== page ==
family planning movement


Family planning enabled people to avoid the large numbers of children of the Victorian period (AOT, PH30/1/288)

The family planning movement in Tasmania arose from a nationwide struggle for the rights of individuals to access information and services to enable them to make choices in regard to controlling their own fertility. Politicians frequently quoted the phrase 'Populate or Perish', and the Tasmanian coat of arms (1917) still carries the words 'Ubertus et Fidelitas' (Fertility and Faithfulness). The right of every child to be born wanted, as stated in the United Nations Resolution on Human Rights (1968),1 was rarely considered by policy makers.

Until the 1970s effective methods of contraception had been available only from family doctors and gynaecologists, many of whom gave advice only according to their own prejudices and beliefs. Hence, endeavours to widen the availability of contraception were strongly resisted.

Tasmania was the second-last Australian state to establish a family planning association.2 The main proponent was Colin Wendell-Smith, Professor of Anatomy, with strong support from women's groups, social workers, and many women doctors. The inaugural meeting of the Family Planning Association of Tasmania was held in 1972, followed by the opening of clinics in 1973 in Hobart and Launceston. The steering committee was broad-based, with the Australian Medical Association, the Catholic Family Welfare Bureau, and, at one time, three professors participating. Sister Pat Hewitt, with a Churchill Fellowship in family planning, was the mainstay of the Association for many years.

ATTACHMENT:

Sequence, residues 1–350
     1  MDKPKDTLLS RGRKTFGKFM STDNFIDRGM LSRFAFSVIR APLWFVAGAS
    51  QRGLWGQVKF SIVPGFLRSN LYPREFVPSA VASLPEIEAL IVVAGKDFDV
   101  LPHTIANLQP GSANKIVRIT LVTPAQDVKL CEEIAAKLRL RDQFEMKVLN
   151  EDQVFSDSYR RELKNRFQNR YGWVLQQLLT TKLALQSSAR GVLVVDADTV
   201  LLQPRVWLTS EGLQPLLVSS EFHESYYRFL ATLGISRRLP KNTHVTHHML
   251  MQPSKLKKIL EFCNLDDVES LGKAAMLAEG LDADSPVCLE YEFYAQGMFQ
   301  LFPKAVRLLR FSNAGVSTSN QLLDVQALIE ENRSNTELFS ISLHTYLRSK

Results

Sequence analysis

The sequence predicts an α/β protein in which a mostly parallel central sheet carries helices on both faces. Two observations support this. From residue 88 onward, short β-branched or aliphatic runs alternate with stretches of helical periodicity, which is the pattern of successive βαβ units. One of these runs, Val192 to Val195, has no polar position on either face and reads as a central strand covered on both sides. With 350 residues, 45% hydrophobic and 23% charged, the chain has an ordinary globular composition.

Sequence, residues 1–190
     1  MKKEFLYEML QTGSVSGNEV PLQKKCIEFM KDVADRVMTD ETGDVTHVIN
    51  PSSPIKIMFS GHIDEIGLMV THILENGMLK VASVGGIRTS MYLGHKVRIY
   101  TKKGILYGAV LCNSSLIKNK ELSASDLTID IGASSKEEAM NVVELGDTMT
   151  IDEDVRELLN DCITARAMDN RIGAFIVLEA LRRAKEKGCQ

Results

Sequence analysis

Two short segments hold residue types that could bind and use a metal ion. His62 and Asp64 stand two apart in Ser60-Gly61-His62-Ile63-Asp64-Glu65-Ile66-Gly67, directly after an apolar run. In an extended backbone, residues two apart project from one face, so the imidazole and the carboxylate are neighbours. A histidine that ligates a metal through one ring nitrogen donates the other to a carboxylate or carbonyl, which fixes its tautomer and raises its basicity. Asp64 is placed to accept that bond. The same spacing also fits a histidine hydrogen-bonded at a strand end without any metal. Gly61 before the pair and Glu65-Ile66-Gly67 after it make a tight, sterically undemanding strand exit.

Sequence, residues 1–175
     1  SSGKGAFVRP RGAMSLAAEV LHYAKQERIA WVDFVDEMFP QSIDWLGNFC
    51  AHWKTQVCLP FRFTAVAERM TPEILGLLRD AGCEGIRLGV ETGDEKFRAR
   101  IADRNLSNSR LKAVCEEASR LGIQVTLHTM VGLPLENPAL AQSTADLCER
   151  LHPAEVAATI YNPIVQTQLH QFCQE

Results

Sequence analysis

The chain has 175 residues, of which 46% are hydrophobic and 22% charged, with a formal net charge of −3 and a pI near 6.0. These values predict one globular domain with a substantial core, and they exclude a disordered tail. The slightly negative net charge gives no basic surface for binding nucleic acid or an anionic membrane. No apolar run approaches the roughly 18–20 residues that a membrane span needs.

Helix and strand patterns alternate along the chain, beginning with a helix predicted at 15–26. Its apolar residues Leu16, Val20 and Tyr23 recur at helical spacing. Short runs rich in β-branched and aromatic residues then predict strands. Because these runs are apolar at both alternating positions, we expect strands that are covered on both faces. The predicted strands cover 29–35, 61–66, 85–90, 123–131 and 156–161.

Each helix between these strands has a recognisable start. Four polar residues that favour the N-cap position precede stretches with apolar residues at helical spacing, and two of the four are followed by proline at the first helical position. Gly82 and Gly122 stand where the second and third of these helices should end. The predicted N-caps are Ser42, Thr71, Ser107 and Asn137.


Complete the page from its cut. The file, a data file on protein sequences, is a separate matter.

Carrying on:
Attempts to start a Family Planning Association clinic in Burnie were strongly opposed, but a hospital-based clinic was started, as a teaching facility, at the North-Western General Hospital in Burnie in 1976, and continues to this day. In 1986 a Family Planning clinic opened in Cooee, moving to Burnie in 1992.

The Family Planning Association of Tasmania has thrived, changing its focus more towards education of doctors, nurses, teachers and social workers. Administratively, it was strengthened by the work of Chief Executive Officer Paul Duncombe, who was also responsible for successful lobbying for the repeal, in 1987, of the Act of 1941 which had forbidden the advertising of contraceptives, and for abortion law reform. In 20032004 over 8000 people participated in the Association's community education or professional development courses, and nearly 13,000 clients attended clinics for sexual and reproductive health assistance.3

The family planning movement, with the motto 'Choice, not Chance', continues as a potent professional force providing leadership and expertise in order to enhance the sexual health and well-being of all Tasmanians.4

Further reading: S Siedlecky and D Wyndham, Populate and perish. Australian women's fight for birth control, Sydney, 1990.

Mary Kille

Footnotes:
1 . United Nations Conference on Human Rights. 1968. UNDoc. A/Conf32/41 Resolution XVII.
2. Siedlecky and Wyndham, p 200.
3. Family Planning Tasmania website www.fpt.asn.au.
4. Family Planning Tasmania annual report 20032004.